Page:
From a biblical perspective, your argument is sound and I cannot but agree. But my personal, lived experience tells me that the out working of love is sometimes not as clear cut. In my work there are times when myself and my colleagues become aware of societal and bureaucratic structures that cause (often unintentionally, but sometimes not) injustice, pain and harm to others. Put very simply, my job is to help those people. But if I just showed love by addressing each individual circumstance, without trying to address the cause, I become at worst part of the problem and at least working in a perpetual futile loop. Don’t get me wrong, I know that I am no Martin Luther King Jr, but I believe I am called to play my small part with others playing theirs to hopefully bring about change to protect the vulnerable. So, I can hear the argument that yes this is the right thing to do in my role as a social worker in the world, but it is not what Jesus called me to do. However, that doesn’t sit well with me as I know my whole being must come under the Lordship of Christ and I am called to reflect him everywhere that I am (and I’d rather not develop a split personality!). I know that being a social worker is part of who God made and called me to be and I believe pointing out (in a kind and gentle way) where structures are harming others is a part of reflecting the love of Jesus Christ. How do I know this? Because I know what it looks like when I don’t and it is not God honouring! And because of the examples of others, such as Martin Luther King Jr!

    I can hazard a guess as to what type of ‘prophecy’ this blog is aimed at, and in those instances, I totally agree we are not called to do that! But I think there are times when enacting our Kingdom calling in our small corner of the world requires trying to change structures that cause harm. And unfortunately in the work God has called me to, this is hard, messy, complicated work with often no clear path!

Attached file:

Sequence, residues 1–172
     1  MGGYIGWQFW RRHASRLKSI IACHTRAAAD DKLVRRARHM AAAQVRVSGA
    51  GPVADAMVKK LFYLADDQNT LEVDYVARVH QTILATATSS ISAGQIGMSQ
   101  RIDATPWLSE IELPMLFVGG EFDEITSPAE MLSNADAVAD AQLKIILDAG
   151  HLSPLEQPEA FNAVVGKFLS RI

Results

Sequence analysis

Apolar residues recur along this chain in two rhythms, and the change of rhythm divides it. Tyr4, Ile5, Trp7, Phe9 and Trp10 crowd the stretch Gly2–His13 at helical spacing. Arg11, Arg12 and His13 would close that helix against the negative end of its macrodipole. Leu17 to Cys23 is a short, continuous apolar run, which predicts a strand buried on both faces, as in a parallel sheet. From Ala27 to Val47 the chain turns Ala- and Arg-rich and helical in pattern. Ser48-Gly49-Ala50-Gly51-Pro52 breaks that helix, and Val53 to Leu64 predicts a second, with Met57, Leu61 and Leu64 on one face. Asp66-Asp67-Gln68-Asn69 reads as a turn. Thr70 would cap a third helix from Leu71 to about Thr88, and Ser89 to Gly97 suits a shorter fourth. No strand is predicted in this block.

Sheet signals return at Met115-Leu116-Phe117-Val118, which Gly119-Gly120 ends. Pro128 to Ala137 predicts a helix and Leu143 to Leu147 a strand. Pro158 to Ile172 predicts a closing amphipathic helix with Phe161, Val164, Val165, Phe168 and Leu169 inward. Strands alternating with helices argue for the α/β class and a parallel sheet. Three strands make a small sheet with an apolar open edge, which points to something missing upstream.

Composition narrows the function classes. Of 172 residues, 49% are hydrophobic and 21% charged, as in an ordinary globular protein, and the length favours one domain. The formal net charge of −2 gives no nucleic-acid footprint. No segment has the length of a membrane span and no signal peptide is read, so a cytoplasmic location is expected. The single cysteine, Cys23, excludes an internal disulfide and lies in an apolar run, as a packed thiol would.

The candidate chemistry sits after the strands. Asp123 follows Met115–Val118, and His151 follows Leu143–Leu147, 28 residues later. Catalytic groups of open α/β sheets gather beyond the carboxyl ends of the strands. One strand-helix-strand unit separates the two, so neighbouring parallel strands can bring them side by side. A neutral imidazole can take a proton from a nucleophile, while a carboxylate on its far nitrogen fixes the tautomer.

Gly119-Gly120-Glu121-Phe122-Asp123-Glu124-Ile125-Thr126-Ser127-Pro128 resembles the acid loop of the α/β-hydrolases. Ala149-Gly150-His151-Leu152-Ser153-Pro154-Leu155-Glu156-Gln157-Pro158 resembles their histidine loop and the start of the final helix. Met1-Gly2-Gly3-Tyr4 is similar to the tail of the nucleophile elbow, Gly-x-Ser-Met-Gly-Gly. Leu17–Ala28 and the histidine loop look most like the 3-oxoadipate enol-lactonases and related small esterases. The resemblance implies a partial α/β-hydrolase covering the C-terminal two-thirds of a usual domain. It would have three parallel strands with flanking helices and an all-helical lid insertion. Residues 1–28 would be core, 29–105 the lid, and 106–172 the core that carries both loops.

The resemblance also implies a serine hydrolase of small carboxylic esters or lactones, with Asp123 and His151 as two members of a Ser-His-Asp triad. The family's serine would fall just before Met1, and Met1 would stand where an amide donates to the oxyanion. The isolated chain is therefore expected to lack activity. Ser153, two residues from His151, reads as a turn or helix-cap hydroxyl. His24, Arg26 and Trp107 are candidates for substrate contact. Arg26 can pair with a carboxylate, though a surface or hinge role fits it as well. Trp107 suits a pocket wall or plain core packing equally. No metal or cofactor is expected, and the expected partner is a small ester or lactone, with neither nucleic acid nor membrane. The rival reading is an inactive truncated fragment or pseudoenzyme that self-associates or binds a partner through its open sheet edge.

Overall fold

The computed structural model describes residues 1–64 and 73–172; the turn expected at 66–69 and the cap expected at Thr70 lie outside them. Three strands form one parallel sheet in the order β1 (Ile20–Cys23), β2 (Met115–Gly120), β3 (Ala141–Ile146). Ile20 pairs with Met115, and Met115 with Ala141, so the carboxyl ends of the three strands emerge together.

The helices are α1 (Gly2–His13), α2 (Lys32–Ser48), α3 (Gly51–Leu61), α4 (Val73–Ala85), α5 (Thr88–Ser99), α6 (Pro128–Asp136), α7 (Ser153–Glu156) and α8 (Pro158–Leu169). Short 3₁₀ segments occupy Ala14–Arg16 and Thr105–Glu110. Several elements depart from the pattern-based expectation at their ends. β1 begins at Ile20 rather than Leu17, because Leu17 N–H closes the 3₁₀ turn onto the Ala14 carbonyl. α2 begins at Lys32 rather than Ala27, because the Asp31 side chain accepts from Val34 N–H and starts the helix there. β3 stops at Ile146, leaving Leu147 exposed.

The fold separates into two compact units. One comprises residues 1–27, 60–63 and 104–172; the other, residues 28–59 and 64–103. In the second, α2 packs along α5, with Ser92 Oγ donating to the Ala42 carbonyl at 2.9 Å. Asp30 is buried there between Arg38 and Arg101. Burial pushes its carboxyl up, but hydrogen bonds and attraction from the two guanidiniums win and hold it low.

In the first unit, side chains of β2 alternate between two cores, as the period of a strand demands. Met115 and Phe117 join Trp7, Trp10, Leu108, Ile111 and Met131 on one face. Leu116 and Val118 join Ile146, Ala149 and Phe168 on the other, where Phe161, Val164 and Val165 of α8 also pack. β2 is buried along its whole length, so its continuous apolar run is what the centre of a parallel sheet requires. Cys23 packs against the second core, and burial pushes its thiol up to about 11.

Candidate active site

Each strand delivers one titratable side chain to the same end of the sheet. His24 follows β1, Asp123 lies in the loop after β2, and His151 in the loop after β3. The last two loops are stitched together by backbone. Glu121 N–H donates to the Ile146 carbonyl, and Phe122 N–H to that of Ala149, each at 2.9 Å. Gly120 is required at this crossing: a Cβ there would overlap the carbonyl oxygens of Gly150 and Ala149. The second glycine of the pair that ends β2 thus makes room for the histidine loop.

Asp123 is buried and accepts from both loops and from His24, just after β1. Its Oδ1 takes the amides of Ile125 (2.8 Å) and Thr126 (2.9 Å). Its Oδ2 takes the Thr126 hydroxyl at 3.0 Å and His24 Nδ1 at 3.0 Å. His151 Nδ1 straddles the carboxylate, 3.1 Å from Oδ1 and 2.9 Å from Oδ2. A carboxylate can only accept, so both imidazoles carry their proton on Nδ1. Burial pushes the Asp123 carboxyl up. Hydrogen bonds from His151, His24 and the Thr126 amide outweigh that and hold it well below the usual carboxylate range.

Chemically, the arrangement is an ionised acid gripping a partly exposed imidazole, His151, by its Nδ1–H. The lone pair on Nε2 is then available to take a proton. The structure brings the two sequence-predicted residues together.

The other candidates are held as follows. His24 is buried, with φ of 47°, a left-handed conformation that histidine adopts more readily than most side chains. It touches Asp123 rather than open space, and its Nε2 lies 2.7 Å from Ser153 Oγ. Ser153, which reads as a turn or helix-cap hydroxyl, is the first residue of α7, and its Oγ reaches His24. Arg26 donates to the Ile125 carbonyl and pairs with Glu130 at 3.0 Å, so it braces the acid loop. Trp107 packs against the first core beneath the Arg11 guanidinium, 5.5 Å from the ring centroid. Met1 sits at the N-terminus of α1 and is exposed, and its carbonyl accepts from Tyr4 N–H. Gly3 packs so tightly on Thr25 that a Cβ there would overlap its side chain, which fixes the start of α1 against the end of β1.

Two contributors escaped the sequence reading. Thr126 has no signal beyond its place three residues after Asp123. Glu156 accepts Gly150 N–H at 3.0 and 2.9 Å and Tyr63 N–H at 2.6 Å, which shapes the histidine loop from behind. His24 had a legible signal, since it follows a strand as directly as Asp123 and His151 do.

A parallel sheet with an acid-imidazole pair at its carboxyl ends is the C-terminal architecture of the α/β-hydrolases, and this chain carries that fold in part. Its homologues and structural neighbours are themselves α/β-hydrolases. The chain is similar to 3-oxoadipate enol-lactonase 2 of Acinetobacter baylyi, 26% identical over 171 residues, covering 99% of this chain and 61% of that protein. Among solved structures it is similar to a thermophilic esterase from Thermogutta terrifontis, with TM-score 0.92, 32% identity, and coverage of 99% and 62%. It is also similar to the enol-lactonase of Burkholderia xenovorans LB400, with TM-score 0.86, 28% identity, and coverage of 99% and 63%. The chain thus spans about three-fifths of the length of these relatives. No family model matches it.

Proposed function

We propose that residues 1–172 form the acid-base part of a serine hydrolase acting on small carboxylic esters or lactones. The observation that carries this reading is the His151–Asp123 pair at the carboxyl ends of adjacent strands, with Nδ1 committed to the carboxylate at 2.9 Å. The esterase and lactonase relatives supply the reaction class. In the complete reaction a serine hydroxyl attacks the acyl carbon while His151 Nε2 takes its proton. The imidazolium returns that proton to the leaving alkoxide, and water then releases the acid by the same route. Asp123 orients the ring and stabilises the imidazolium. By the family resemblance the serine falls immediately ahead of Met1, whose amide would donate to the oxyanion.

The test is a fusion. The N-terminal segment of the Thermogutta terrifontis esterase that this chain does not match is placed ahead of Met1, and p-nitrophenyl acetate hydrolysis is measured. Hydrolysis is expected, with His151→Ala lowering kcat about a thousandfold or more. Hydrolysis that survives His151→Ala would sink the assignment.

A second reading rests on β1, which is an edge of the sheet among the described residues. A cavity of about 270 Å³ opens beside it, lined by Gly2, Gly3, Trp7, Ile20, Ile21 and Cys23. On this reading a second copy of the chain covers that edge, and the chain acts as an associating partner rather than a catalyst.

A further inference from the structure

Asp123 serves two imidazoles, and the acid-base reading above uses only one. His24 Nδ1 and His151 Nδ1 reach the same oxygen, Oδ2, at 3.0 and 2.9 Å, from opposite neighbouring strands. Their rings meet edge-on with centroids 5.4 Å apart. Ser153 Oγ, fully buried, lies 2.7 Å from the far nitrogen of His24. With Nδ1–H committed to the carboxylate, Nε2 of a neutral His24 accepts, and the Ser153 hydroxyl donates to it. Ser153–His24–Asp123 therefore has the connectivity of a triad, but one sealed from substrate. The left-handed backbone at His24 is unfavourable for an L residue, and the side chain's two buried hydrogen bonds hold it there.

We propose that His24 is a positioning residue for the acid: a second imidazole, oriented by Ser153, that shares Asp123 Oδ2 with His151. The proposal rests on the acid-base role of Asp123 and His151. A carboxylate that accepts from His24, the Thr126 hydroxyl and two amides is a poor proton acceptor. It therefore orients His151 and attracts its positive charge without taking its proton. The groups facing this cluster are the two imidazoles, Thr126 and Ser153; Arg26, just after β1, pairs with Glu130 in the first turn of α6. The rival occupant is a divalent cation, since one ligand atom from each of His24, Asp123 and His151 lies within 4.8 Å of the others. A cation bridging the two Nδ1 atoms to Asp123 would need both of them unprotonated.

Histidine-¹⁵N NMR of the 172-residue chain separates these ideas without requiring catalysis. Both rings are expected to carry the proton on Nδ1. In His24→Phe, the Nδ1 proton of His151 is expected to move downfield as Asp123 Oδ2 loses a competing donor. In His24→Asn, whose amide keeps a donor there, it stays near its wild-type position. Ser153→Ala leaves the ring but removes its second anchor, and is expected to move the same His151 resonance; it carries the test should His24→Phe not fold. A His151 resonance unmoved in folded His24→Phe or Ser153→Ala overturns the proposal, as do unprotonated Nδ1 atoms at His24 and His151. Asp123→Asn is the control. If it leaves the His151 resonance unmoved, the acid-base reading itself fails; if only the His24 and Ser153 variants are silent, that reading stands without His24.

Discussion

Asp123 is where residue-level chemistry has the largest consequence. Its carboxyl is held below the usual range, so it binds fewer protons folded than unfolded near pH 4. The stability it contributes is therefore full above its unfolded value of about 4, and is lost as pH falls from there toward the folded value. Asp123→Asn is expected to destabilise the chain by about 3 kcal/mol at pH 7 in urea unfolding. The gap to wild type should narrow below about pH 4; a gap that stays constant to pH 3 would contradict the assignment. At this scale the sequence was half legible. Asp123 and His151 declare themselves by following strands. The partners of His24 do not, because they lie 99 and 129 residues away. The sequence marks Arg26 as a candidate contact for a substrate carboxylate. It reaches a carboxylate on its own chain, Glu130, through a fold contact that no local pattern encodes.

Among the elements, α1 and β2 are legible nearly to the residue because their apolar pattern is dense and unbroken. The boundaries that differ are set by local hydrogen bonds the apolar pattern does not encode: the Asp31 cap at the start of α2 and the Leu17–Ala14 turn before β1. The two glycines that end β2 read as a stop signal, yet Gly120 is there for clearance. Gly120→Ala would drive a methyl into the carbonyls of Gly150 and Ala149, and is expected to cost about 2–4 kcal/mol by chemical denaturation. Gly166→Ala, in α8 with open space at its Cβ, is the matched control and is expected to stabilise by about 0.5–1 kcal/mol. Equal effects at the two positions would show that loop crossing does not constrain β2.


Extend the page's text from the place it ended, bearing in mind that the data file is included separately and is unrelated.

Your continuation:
All that said, I could be completely off track and am open to redirection! Love your work Allen!

    Liked by 1 person

    1. Lateah, this is a great question about integrating our faith and our work when there are conflicting values / expectations / limitations. It deserves a well considered response. Will reply.

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    2. Thanks for this question, Lateah asking about the work context of your life.
      In working in a secular setting, we have at least an implied contract about what our employer expects, permits, and prohibits. In choosing to work there, we agree to those terms. At times, that means confronting those in charge on behalf of those we’re paid to serve. That’s appropriate, even if difficult. So yes: your social work job requires you to stand up for and defend vulnerable people. It’s part of your role in that job, so I understand what you mean when you say, “I think there are times when enacting our Kingdom calling in our small corner of the world requires trying to change structures that cause harm.” Fair enough.
      But I wonder how effective that kind of change is at the macro level in the long term. Joseph’s advice to Pharaoh resulted in many lives being saved (Genesis 45:5-7; 47:25; 50:20). But eventually another Pharaoh who remembered nothing of Joseph commanded the killing of many innocent lives (Exodus 1:15-21). The Bible’s narrative seems to be that human rulers always end up being corrupted by power. Confronting the rulers of this world is sometimes helpful in the short term, but doesn’t take us far enough.
      It seems to me that the only thing that changes the world long-term is redemption through the Messiah, so people embodying the lifestyle of the kingdom of God, under the governance of God’s anointed ruler. Only when embodied in God’s people does God’s eternal plan comes to light, making God’s multi-faceted wisdom known to the rulers and authorities (Eph 3:10).
      In the meantime, it can feel like being split persons — living gospel realities, while constrained by limitations at work. You’re right: it’s hard, messy, complicated, often with no clear path. We all share that struggle: Paul was constrained to a jail cell when wrote Ephesians.